Fujioka was running for the at-large seat held by O’Brien on a platform of opposing school closures and new charter schools. Fujioka said her strategy from the beginning was to form a slate of four like-minded candidates. (Until recently, only three races were contested, which is why she said the proposed slate had three members.)

The idea, she said, was that the slate would stand together against the district’s reforms, which she and others have sought to tie to the policies championed by U.S. Education Secretary Betsy DeVos.

DeVos is best known for supporting private school vouchers, which DPS opposes.

“There’s a national anti-voucher, anti-DeVos, anti-Trump feeling,” Fujioka said. “…The fact that there are lots of activists against it, coupled with a ticket of four people saying, ‘This is what we’re railing against,’ that’s the advantage I see.”

Running individual campaigns against the incumbents would be more difficult, she said. When it became clear the slate wasn’t going to happen, Fujioka said she decided to withdraw from the race altogether — and explain her reasoning in a message to supporters, which she also posted on her website.

“It isn’t just that I quit,” she said. “That’s why I put that out there.”

O’Brien, who previously served as Colorado’s lieutenant governor for four years, responded to Fujioka’s statement with a press release saying she was disheartened to learn the reason that one of her opponents was dropping out of the race.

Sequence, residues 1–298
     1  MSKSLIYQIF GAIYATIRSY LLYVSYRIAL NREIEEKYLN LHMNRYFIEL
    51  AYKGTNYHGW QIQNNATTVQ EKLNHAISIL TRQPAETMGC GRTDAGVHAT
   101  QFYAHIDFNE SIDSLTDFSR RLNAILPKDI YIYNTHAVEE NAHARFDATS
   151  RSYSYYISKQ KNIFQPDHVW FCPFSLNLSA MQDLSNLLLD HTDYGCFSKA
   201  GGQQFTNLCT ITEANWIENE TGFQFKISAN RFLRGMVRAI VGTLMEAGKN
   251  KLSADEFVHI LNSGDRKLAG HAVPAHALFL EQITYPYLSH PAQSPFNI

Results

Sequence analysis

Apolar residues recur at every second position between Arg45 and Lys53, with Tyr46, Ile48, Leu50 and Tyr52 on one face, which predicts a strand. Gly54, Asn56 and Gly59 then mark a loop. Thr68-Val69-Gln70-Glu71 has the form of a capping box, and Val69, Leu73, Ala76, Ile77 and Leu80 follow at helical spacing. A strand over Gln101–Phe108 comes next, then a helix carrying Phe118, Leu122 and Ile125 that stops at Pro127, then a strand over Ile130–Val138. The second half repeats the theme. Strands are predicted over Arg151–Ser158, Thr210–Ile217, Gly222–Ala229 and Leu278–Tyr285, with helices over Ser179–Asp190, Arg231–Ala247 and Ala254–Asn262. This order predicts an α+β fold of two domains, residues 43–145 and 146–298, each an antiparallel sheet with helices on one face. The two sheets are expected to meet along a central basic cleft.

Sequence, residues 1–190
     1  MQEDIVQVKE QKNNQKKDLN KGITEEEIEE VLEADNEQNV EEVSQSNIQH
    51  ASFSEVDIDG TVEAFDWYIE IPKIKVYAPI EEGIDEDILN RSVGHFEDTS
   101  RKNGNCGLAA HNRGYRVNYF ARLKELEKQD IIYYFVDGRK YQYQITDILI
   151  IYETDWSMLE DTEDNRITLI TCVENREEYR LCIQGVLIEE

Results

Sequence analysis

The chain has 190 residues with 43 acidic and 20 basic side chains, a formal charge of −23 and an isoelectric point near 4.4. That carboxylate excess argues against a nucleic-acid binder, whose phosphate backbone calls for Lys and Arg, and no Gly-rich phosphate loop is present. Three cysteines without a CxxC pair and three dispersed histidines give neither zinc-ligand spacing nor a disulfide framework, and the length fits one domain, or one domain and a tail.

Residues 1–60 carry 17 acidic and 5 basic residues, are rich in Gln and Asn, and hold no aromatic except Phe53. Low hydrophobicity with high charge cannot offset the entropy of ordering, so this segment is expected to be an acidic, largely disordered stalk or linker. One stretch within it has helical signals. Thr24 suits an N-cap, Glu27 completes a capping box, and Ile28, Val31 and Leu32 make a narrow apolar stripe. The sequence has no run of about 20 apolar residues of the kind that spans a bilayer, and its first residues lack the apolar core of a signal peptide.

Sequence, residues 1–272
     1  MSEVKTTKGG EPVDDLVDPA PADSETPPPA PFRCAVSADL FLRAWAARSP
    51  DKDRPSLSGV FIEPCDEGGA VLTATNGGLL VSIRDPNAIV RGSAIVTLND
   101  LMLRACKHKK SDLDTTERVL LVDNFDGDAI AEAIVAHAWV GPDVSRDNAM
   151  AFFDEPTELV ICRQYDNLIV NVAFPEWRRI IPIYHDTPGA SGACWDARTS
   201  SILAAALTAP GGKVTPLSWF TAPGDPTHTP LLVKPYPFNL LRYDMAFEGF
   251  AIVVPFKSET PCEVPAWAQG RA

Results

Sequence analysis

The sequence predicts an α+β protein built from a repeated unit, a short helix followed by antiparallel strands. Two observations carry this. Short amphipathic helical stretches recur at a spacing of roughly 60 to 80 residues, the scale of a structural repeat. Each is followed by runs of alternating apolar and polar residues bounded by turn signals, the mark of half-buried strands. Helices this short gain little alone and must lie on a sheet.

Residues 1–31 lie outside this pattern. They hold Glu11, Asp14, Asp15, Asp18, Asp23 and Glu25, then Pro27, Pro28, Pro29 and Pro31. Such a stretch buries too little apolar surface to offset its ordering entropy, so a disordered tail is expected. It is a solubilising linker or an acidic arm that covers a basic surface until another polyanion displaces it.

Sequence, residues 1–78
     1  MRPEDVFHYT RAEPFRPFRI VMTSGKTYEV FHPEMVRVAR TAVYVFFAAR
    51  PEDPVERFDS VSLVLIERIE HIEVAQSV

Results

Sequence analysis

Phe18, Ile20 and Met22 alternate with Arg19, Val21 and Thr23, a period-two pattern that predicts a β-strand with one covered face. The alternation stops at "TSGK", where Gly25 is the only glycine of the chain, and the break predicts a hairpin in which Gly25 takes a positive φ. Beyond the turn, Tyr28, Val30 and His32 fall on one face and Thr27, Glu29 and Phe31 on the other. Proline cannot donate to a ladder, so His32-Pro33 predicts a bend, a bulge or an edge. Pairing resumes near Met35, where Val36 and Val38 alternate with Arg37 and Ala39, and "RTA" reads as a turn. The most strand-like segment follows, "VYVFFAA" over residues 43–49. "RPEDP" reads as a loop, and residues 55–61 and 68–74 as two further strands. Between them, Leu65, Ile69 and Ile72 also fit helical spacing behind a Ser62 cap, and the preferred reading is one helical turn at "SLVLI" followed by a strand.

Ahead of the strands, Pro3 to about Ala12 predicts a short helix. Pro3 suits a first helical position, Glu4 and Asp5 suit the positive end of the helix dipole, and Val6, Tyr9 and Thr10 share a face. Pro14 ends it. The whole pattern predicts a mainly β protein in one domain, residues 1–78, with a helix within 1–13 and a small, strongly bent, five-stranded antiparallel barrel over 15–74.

“Too often, women in politics find themselves facing unreasonable institutional barriers,” O’Brien said. “It’s discouraging, misguided and just plain wrong. … That a fellow progressive voice was forced to exit the race because consultants told her, ‘You bring nothing to the table,’ is more of the same that women in public service, and everywhere, have to tolerate.”

Fujioka called O’Brien’s statement “the sleaziest piece of campaign propaganda” she’d seen.

“I am appalled at Barbara hopping on this like a vulture to make it sound like she is so empathetic to my situation as a woman, when it really had nothing to do with being a woman,” Fujioka said. “Such a blatant appeal to women is shoddy at best.”

O’Brien said her statement was heartfelt.

Two other candidates confirmed that they’re still in the running against O’Brien: northwest Denver father Robert Speth, who narrowly lost an election to a school board incumbent in 2015, and former DPS teacher Julie Banuelos.

In the race for the board seat representing northeast Denver, two candidates — Tay Anderson and Jennifer Bacon — are challenging incumbent Rachele Espiritu.

In central east Denver, candidate Carrie A. Olson is challenging incumbent Mike Johnson.

And in southwest Denver, candidate Xochitl “Sochi” Gaytan is challenging candidate Angela Cobian, who has been endorsed by the board member who currently holds that seat.